You were innocently cruising around Facebook, and noticed one of your trusted friends had an interesting post – “Watch this girl – she forgot she left her cam on!” Seems like an interesting link, and it comes from someone you know and trust. After all, they’re in your tight group of Facebook friends, right?
You click on the link, it looks a little funny because it says that you have to agree that you are over 16. That’s odd, none of your other Facebook links do that, but – well, the video does look kinda funny. Maybe she even does something risqué. Who wouldn’t click “Play Video” – it can’t be that bad, it’s on Facebook. Right?
A new screen pops up, and you can see the familiar box in the bottom corner. There’s a pic of the cute girl, and some weird language – but it’s probably fine. Right?
And then – a security test? The only clickable links are asking “how to win an iPad, how to win an iPhone4” – how odd. This is the part you want to be careful about. These links will take you to sites that will try and get as much info as they can from you – so they can use it in malicious ways. Most people know not to complete these forms, but if they catch you on a bad day, or you really, really want a free iPhone4/iPad – you might be one of the folks that fill out the form. The point of this particular scam is to get you to complete the surveys, which the scam creator will get paid for each survey completed.
It doesn’t really matter, because you’ve already given them access to your Facebook account the moment you said “Jaa”- which is Finnish for “Share”. Fortunately, this particular app only posts the video to your wall in hopes of luring your friends into doing the same thing, so they too can have the chance to “win an iPad”, but other apps can be more malicious, including:
- Posing as Facebook security, and requesting your personal info (including credit card info)
- Titillating posts – “this girl must be out of her mind to do this on live TV” – another survey scam
- You’ve been tagged in a photo from someone outside of your friends list – a variation on the survey scam
A few things to watch for:
- Links that say they are to a video but have apps.facebook.com as the description.
- English. If you’re on Facebook, but the language is set to something other than the language you normally see, your spideysense should be tingling.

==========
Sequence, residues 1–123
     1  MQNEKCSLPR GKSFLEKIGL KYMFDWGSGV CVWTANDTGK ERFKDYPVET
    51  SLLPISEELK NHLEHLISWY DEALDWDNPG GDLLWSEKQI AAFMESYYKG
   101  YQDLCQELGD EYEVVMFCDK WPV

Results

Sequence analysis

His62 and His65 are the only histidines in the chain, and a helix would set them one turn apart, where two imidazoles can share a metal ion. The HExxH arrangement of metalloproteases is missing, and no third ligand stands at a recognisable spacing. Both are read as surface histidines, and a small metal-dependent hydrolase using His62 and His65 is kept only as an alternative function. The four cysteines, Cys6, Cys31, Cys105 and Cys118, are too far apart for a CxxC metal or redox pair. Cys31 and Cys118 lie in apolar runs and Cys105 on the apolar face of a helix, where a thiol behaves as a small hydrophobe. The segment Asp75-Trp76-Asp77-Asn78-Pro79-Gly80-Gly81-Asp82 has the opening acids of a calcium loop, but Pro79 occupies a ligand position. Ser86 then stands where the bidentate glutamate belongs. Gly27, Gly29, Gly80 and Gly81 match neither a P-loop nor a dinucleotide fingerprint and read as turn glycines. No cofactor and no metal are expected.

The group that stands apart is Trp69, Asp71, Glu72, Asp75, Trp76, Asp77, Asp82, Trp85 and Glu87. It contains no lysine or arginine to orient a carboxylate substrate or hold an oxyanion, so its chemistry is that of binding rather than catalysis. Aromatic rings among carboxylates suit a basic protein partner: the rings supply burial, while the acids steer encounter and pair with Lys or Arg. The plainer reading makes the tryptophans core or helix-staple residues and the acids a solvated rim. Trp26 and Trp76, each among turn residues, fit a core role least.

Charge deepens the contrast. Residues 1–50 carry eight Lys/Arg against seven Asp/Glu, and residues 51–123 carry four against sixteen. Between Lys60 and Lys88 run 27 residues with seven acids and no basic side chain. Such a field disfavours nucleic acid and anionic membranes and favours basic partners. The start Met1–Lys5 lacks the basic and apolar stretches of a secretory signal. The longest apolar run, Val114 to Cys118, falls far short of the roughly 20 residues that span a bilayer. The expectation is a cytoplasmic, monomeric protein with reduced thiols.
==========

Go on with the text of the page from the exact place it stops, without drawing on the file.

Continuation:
- If it’s too good to be true – it is. Not “it probably is.” It is. Nothing for free.
If you have been hacked or phished –4 steps to take to get back to normal:
- Reclaim your Facebook Account – get the Facebook team involved in the process so they can prevent it from happening to others.
- Change Your Passwords – ‘nuff said
- Scan your computer – if you don’t have a good antivirus running already – well, get one. If you have Windows, and you aren’t running an up to date antivirus program, you WILL be infected (but – you probably already are.) – Scan your computer
- Notify your friends and family – You don’t need to tell them why you were checking out the link, just that maybe they should be careful. You’ve “heard” that there are some strange activities out there, and you want to protect them. You could even write a blog post about it…
The folks at FacebookCrooks.com have created a great list to follow to help you get unhacked. You can also click on your account, then “Apps and Websites – edit settings” in the bottom left to see a list of the apps that you’ve approved to share your info. You might be surprised at how many you’ve already enabled.
And the worst part of this whole scam – you didn’t even get to see the video.
Tomorrow –we’ll have a look at some Twitter phishing techniques/prevention/recovery
nice article Jason. Interesting to see the ways a scammer escalates the interactions to the point where they can get hold of really valuable info.
Hah, seriously? That’s rediculous. No way
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